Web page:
More asset owners to set green transition targets


13 Mar 2024

Hitting a net-zero target is not easy, finds Andrew Holt.

Hitting a net-zero target is not easy, finds Andrew Holt.

A quarter of asset owners intend to set a formal net-zero commitment within the next 12 months, according to a study.

Research company Cerulli found that while 14% of asset owners have a formal net-zero commitment, an additional 25% plan to set one this year.

Specifically, almost a third (30%) of institutions are investing in strategies that support the transition to a carbon-neutral economy, and 36% plan to invest in these tactics within the next year.

As expected, many are moving away from coal, gas and oil, as half of the institutions surveyed say they will either divest (29%) or plan to divest (21%) from fossil fuel funds.

But even with a rising interest in sustainable investments, fossil fuel funds remain prominent due to their high returns.

One interesting statistic from As You Sow, a not-for-profit that promotes corporate social responsibility, reveals that 19% of the market cap of US fossil fuel companies comes from investments in US 401(k) accounts and individual retirement accounts.

Now, institutions are enacting these changes in order to prioritise and address climate risks, with 61% saying the issue of climate change is the top theme in their responsible investment strategy, revealed Cerulli.

New kid on the block

Despite their determination, investors continue to face difficulties when analysing the carbon footprints of underlying investment portfolios.

Inevitably, the lack of climate transition-related data has been consistently cited as a challenge for investors in understanding which companies are being transparent and dedicated to their climate change commitments.

However, there could be hope here.

A new platform called the Net-Zero Data Public Utility database is planning to enter the market to hopefully once and for all establish reliable and accessible climate data across multiple industries.

That would address many of the issues investors have.

The database comes with some big names attached: formed by Emmanuel Macron’s and Michael Bloomberg’s Climate Data Steering Committee, it is designed to be integrated with the UN Framework Convention on Climate Change’s Global Climate Action Portal, which identifies how companies, investors, organisations, regions and cities are engaging in global climate action.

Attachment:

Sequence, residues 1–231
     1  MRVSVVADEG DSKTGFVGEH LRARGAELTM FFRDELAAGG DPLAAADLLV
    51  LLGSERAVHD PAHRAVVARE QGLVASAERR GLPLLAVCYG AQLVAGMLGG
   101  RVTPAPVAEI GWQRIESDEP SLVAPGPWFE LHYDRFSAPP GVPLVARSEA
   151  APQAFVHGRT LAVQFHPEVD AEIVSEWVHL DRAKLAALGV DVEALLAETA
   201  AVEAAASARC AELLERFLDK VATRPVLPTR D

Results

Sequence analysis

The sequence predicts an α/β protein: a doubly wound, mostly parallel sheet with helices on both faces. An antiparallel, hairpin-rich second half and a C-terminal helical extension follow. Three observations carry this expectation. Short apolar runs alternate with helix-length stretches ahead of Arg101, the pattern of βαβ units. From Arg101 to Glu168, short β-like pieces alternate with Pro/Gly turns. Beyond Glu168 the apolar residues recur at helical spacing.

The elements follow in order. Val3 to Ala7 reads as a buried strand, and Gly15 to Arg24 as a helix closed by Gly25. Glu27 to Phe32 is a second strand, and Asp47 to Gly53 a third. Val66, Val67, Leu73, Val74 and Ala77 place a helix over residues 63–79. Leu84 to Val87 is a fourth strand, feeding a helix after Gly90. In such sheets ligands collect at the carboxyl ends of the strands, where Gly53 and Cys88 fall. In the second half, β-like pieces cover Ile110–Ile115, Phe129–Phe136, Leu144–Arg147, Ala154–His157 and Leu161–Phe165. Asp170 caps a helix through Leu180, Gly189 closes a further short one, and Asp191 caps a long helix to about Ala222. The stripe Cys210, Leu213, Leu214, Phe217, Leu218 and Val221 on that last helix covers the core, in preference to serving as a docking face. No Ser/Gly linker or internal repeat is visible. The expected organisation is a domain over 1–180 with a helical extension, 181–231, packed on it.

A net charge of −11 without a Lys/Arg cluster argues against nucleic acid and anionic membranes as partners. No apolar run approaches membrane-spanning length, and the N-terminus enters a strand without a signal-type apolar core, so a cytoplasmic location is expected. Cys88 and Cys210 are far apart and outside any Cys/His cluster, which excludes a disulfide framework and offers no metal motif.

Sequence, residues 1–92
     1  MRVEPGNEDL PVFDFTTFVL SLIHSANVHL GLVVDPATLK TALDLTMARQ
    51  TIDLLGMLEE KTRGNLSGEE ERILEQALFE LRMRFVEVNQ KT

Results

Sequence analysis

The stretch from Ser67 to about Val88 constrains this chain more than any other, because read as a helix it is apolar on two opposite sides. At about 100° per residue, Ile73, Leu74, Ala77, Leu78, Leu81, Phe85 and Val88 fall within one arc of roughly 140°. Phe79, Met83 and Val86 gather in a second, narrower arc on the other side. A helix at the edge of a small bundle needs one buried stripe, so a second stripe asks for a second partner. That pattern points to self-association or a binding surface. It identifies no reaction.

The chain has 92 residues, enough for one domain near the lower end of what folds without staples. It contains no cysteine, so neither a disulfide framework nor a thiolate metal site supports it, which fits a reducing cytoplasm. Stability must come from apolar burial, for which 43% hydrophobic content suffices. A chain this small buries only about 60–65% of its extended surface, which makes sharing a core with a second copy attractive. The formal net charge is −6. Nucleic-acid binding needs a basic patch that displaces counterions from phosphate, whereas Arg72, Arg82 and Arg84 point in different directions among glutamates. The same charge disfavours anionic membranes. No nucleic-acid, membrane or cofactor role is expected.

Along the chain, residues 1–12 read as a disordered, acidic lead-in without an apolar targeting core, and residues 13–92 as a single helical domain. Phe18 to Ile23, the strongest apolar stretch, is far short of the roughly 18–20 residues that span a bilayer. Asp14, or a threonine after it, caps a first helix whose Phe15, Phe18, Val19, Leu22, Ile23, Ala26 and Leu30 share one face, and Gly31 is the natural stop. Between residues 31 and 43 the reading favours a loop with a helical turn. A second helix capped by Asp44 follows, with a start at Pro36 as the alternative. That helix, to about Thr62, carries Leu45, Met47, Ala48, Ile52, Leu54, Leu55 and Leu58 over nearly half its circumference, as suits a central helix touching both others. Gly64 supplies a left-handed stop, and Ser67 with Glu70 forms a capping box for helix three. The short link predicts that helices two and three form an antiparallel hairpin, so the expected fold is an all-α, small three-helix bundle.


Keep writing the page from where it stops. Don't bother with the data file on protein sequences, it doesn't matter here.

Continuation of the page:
As more investors re-examine their contributions to climate change, Cerulli said it expects to see a rise in collaborations that promote transparency when analysing climate-related funds.

A new framework

The survey’s findings come as GLIL Infrastructure, a £3.6bn investment fund, revealed that it has adopted a new investment management framework to help it become net zero by 2050.

The adopted approach – the Institutional Investors Group on Climate Change (IIGCC) Net Zero Investment Management (NZIM) framework – sets out clear methodologies and approaches for investors to align their portfolio goals with the Paris Agreement, supporting them to make informed decisions and work towards achieving net-zero global emissions.

The NZIM framework was published in March last year and GLIL was one of the first investors to adopt its guidance for infrastructure, which builds on IIGCC’s broader NZIM framework.

It is said to be the most implemented net-zero methodology for investors across all nancial institutions within the Glasgow Financial Alliance for Net Zero.

The GLIL executive committee said it has worked “swiftly to select the new framework” to support the business with structuring its net-zero strategy and to allow for a consistent framework across its portfolio.

GLIL believes the NZIM approach will enhance its work in the energy transition by providing further support for its existing portfolio companies to ensure they have achievable net-zero pathways.

Beth Breen, ESG analyst at GLIL Infrastructure, said: “As a fund which delivers valuable investment into critical infrastructure projects across the UK and beyond, we know it is our responsibility to ensure that net-zero commitments are carried out within an effective strategy to achieve our 2050 targets.

“We believe the NZIM framework will allow infrastructure investors to bring further substance to their net-zero ambitions in a sector where it has been largely lacking. Our adoption of this new framework aligns with our members’ commitment to driving the energy transition towards a sustainable net-zero economy.”

GLIL is the partnership of UK pension funds specially designed to help pension fund members tap into the stable, inflation- linked returns that infrastructure investment o ers.

It manages £3.6bn of committed capital, with more than £3bn deployed into a portfolio of infrastructure assets spanning renewable energy, battery storage, regulated utilities, ports and logistics, trains, hospitals and schools.

GLIL’s focus on the energy transition can be seen in the fund’s latest investment in a portfolio of 247MW of operational UK solar assets.


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